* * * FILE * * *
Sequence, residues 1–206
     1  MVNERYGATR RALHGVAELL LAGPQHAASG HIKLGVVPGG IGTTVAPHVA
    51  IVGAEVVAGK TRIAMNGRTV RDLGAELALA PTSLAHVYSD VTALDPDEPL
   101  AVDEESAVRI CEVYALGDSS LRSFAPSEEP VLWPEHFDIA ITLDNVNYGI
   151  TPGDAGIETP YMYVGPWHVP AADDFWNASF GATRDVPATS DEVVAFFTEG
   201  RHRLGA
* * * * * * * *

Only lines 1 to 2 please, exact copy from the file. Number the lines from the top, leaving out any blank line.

Sequence, residues 1–206
     1  MVNERYGATR RALHGVAELL LAGPQHAASG HIKLGVVPGG IGTTVAPHVA